No. of (New) IIMs
Population (as on
No. of States (as on
16 + 3 UTs
2 (IIM Indore & Kozhikode)
1 (IIM Shillong)
25 + 7 UTs
4 (IIM Ranchi, IIM Raipur, IIM Rohtak, IIM Trichy)
2 (IIM Udaipur & IIM Kashipur)
28 + 7 UTs
How much is it worth?
As the management education is beset of its own set of challenges like shrinking demand, faculty shortage, poor placements, educators suggest that new IIMs might not be the right solution.
They say creating new IIMs is a mirage and will not solve the problems that management education in India faces. One is faculty shortage. Experts advocate research facilitation in top B-Schools to cope with this problem. “We need good quality faculty members. We have more than adequate number of IIMs and private business schools in the country. It is time to let business education flourish in the private sector and government intervention should be in the form of developing good quality faculty members through support for research. This is more economical too than investing in IIMs, which too are facing the crunch of good quality faculty members,” says Dr RC Natarajan, Director TAPMI. Dr Rajan Saxena, VC, NMIMS agrees and suggests government assistance for all the Doctoral/Fellowship Programmes instead of investing on creation of new IIMs.
However, most of the new IIMs differ on this. They cite increasing industry needs and proportionate growth in seats with increasing population. “With three times growth in population, and slightly less than twice the number of states, the number of IIMs grew from 2 in the 1960s to 13 as of now. Today there are proportionately many younger people in India. Further, the level of industrialization in India today demands many more skilled, trained manpower than ever before. With the growing aspirations of people, growth in opportunities, and the felt need to properly manage the corporate and non-corporate sectors, the growth in the number of IIMs is justified,” says Dr Gautam Sinha, the Director of IIM Kashipur.
Seats per 1000 applicants in IIMs
Seats available per 1000 candidates
Total number of CAT applicants
Total number of seats at IIM
* Numbers based on past years’ trends on increment of seats in existing
Are new IIMs diluting ‘Brand IIM’?
The government might claim that new IIMs are given all assistance to help them align with established IIMs. But the fact remains that new IIMs will need to take giant leaps to reach that level. Academicians still rue the lack of capability of newly operational IIMs on various counts and question the government policy of ‘diluting’ the premier brand of management education.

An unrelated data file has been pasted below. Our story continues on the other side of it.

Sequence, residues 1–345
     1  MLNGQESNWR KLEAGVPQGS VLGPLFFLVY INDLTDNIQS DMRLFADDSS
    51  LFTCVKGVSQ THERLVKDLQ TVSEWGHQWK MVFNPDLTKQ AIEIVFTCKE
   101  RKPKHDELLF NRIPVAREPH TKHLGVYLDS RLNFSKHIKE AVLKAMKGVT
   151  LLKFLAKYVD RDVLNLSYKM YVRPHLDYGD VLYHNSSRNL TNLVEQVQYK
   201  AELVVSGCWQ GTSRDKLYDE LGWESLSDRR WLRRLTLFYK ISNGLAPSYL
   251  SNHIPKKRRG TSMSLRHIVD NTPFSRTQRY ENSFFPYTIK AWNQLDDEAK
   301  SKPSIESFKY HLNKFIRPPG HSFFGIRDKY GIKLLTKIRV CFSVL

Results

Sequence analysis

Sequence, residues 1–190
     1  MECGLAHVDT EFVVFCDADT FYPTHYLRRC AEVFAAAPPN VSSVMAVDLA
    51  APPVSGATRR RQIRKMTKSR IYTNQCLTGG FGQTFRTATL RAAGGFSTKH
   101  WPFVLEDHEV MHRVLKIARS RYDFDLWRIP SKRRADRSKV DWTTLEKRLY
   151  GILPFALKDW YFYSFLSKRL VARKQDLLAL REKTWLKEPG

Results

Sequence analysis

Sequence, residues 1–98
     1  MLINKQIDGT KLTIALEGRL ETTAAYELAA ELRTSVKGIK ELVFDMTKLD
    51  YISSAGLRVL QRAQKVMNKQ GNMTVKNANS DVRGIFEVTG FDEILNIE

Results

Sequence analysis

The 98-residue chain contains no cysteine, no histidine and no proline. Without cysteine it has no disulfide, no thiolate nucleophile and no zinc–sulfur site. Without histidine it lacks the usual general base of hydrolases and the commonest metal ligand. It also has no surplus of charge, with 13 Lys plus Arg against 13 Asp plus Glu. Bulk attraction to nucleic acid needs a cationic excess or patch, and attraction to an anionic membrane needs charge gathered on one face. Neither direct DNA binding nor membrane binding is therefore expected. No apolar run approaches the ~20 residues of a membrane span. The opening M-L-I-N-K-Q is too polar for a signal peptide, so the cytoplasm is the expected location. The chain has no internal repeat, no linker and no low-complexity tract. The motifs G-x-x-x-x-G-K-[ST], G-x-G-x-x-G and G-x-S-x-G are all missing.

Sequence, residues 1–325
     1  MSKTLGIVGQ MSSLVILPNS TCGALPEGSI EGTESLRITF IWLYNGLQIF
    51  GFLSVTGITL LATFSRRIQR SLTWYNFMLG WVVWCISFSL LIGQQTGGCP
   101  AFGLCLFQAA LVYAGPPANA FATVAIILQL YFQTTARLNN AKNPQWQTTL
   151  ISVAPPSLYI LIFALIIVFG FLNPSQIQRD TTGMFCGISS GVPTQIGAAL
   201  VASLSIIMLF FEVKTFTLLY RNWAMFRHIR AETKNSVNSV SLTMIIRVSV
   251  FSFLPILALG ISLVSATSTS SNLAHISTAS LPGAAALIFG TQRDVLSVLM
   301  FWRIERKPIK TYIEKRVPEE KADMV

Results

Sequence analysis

Experts caution that government should take selective approach to management education. “The last six IIMs are already having difficulties in terms of faculty, curriculum, placements and leadership. By expanding IIMs and opening them in every state, government will only contribute to a further decline in the quality of these institutions,” says Dr Saxena of NMIMS. He advocates strengthening of existing infrastructure in management education in private and public sector.
Dr Janat Shah, Director, IIM Udaipur, believes that creating new IIMs under ‘brand IIM’ is a good idea. “It will help expand quality base in management education. While there are many challenges that a new IIM faces, there are advantages also. New IIMs do not carry any past baggage and they can experiment with new ideas without any risk factor. This is good for innovative learning practices to evolve in Indian management education," he says. "It will also help knowledge creation, research and healthy competition among the top B-Schools,” Dr Shah added.
New IIMs also claim that it is only a matter of time and they will soon be able to match old IIMs. “We find that the grant is sufficient to meet both capital and revenue expenditure requirements of the new IIMs. Being a Society with an active Board of Governors, it gives IIMs the flexibility to keep pace with changes,” says Dr Gautam Sinha./
But despite the challenges that new IIMs face today, they have been able to leverage the brand image for their academic advantages and placement exercises. With the increasing and excessive pool of IIMs, they, however, may stand to lose their premium position.
Will the new set of IIMs pass the litmus test?